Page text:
The GOP Budget
(The Ryan Budget)
The Good (None), the Bad (A lot), the Ugly (Plenty)
“Ryan’s Budget Would Cut $5 Trillion in Spending Over a Decade”
On the surface, I and most Americans I suspect, would agree and say: “Yes, we need to reduce our overall spending to reduce the budget and stop deficit spending and foreign borrowing.”
In theory that makes perfect sense, but not in GOP laa-laa land. It also makes sound and rational fiscal sense, again theory but not reality, as we peel away the onion skin and start crying when we see the damage inflicted by the cuts and meat-axe approach that would again hit and take away from the most-vulnerable and give more breaks to the top crust (call it the Robin Hood approach in reverse or as Romney and Ryan liked to say: “...taking from the “takers” and returning it to the “givers”).
Does any of that sound familiar? It should — we've heard it all before. The only difference: updated methodology and timeline. A half-dozen highlights sure to please the top crust rubbing their grubby mitts in anticipation of the yellow brick road being paved their way include:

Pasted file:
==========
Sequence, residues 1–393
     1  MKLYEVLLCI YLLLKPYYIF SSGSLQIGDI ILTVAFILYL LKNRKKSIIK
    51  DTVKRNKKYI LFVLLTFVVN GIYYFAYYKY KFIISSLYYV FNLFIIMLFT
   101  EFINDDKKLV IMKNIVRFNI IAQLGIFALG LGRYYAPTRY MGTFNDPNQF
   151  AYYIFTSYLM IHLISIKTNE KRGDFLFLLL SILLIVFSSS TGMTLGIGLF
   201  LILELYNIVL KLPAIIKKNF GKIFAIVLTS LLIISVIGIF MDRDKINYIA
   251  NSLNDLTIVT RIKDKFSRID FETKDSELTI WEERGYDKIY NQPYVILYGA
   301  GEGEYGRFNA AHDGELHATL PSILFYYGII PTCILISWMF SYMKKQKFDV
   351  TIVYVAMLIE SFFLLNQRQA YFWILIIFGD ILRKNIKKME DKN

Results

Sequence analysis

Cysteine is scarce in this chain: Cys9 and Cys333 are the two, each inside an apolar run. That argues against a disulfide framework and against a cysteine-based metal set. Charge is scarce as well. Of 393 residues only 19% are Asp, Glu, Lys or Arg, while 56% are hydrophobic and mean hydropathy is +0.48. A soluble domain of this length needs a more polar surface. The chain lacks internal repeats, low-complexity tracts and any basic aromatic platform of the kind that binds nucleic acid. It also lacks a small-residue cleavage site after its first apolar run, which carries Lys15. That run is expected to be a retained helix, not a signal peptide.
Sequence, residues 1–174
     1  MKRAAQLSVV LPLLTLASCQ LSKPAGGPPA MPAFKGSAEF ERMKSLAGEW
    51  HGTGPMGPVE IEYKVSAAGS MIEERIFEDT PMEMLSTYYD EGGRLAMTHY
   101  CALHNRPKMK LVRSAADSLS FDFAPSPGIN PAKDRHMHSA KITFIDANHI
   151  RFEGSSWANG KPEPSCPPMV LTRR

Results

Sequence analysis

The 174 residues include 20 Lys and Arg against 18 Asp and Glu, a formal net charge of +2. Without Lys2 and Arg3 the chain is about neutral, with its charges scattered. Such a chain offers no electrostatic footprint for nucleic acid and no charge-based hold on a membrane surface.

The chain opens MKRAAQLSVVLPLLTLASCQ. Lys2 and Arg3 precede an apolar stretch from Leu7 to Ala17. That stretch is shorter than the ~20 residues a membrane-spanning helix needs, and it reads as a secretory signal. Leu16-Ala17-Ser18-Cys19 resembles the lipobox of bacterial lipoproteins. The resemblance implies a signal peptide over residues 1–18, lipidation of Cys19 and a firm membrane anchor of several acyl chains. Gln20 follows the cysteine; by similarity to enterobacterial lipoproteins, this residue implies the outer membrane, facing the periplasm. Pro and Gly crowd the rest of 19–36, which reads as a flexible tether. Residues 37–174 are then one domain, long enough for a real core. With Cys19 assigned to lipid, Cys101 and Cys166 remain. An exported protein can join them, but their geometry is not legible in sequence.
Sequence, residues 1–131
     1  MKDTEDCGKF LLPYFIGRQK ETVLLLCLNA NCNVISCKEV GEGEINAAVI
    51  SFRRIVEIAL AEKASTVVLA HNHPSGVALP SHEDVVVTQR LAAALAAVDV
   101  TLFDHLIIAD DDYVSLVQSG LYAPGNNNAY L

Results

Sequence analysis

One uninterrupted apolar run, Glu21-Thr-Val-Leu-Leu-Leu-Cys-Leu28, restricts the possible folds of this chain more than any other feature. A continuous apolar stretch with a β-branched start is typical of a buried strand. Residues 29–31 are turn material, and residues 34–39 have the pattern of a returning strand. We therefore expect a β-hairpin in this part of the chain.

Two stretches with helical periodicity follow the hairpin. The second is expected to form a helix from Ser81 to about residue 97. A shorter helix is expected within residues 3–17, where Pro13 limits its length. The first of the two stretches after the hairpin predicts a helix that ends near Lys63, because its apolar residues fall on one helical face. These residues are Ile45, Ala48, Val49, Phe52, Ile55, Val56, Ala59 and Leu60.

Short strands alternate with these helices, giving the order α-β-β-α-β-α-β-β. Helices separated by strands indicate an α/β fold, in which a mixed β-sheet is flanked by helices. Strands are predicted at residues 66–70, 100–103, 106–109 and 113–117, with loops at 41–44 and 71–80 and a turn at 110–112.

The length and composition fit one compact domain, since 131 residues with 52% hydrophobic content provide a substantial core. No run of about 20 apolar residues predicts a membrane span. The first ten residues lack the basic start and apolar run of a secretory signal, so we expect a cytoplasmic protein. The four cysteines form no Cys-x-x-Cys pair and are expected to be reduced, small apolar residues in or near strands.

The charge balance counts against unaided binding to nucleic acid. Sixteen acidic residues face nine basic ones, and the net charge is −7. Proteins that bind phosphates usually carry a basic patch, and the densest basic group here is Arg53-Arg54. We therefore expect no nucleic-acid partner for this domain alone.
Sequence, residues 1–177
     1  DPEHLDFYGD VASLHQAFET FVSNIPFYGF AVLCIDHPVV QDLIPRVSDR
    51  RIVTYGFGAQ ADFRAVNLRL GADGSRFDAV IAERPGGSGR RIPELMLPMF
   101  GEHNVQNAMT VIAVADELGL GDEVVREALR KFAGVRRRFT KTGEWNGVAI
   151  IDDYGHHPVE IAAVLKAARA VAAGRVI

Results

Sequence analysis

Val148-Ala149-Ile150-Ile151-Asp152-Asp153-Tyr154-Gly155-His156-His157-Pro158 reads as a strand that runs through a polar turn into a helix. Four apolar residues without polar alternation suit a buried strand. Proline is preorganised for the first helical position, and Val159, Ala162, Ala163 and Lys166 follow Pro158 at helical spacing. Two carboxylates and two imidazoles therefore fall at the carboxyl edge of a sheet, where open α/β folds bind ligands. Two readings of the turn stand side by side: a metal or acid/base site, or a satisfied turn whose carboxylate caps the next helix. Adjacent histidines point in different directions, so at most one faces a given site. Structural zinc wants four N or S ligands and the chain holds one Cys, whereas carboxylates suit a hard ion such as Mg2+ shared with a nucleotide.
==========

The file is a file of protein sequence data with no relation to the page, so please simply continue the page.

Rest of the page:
- He (Ryan) said it (this budget) would bring federal spending and taxes into balance by 2024.
- Have steep cuts to Medicaid and food stamps.
- Repeal of the Affordable Care Act (Obama-care) just as millions are reaping the benefits of the law.
- Increase Defense spending.
- And most domestic programs would be reduced to the lowest levels since modern government accounting.
- Convert Medicare into a “premium support” system (those vouchers), where people 65 and older could buy private insurance with federal subsidies instead of government-paid health care (and hope the voucher covers it, it not, then what)?